Screen shot of image on current KFC-Japan web page

Even though reportedly only 1 percent of all people in Japan are Christians and celebrate Christmas, Smithsonian Magazine reports that “Christmas Chicken” from KFC has been a countrywide holiday tradition since 1974. Forbes and the BBC have also recently touched on this tradition.

Christmas isn’t a national holiday in Japan, but thanks to a wildly popular ad campaign from the 1970s, “Kurisumasu ni wa kentakkii!” or “Kentucky for Christmas,” families set out on Christmas Eve to pick up the chicken meals that they preordered or wait up to two hours in line for the 3,336 yen ($40) meals. Forbes Magazine says some 3.6 million people take part in the tradition.

Christmas Eve is the Japanese stores’ highest volume sales earner every year. According to Smithsonian, “After the big commercial push in ’74, the catchphrase ‘Christmas=Kentucky’ paired with plenty of commercials on TV caught on.”

Television commercials for “Kentucky for Christmas” feature all the usual trappings of the American holiday: jingle bells, Santa suits, elves, presents and the like. The more recent commercials conclude with a highly Japanese accented “Colonel” cartoon saying “Sooooo good.”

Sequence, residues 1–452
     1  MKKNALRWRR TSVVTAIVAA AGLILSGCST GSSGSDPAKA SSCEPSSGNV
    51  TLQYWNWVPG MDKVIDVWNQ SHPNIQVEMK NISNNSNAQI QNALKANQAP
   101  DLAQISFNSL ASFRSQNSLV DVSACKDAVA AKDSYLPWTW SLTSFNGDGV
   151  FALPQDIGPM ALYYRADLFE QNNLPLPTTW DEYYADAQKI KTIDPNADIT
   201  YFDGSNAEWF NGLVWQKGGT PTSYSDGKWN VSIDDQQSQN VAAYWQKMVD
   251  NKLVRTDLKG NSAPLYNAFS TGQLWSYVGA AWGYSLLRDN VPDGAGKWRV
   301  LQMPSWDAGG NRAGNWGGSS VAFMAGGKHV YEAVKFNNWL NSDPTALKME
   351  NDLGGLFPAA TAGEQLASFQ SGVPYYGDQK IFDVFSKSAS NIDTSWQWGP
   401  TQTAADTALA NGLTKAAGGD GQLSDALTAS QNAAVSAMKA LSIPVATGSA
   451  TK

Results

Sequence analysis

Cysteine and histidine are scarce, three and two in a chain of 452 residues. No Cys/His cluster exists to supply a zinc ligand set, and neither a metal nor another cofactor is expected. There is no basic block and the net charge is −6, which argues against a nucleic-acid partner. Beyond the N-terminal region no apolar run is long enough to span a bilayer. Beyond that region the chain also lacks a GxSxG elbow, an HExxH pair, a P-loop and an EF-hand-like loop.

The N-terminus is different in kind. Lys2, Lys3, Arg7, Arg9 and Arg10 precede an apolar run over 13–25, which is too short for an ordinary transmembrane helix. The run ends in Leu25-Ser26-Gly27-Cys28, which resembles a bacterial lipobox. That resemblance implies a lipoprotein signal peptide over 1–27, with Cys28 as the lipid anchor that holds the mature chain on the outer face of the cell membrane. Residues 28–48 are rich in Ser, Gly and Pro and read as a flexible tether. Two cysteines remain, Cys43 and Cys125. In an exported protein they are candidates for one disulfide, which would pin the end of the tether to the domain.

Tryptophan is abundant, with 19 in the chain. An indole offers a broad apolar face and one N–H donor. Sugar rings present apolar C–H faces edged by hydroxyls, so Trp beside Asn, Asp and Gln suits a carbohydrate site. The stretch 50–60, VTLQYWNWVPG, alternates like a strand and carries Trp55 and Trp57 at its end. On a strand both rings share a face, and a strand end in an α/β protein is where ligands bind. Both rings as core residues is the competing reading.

Currently the home page for KFC Japan features a four-image slideshow, two of which are relegated to advertising the Kentucky Christmas offerings.

“It filled a void,” Joona Rokka, associate professor of marketing at Emlyon Business School in France, told the BBC. “There was no tradition of Christmas in Japan, and so KFC came in and said, this is what you should do on Christmas.”

It’s not just on Christmas that Japan enjoys KFC. There are more than 1,200 KFC outlets throughout the country.

According to Smithsonian: “This April, they opened a three-story restaurant at the south entrance of Shimokitazawa station in Tokyo, which offers the company’s first-ever, fully stocked whiskey bar — what their website says gives visitors a taste of ‘Good ‘ol America.'”

Also the Smithsonian reports that from the beginning of December until the end of February, select flights from Tokyo to the U.S. and Europe will serve KFC in-flight.

In other KFC Japan-related news, Japan Today reported that the company introduced a special line of finger sheaths called “Finger Nup,” short for “Finger Napkin,” to keep consumers’ hands from getting greasy as they eat their fried chicken.

“According to KFC Japan, the new product works to improve on the popular napkin-around-the-chicken solution employed by many customers to keep their fingers clean while eating their fried chicken pieces,” Japan Today reported. “Regular napkins weren’t working well enough to keep the oils from saturating through, so the company decided to trial a more oil-resistant material, in the form of plastic, to keep fingers clean.”

Finger Nups cover the index finger and the thumb.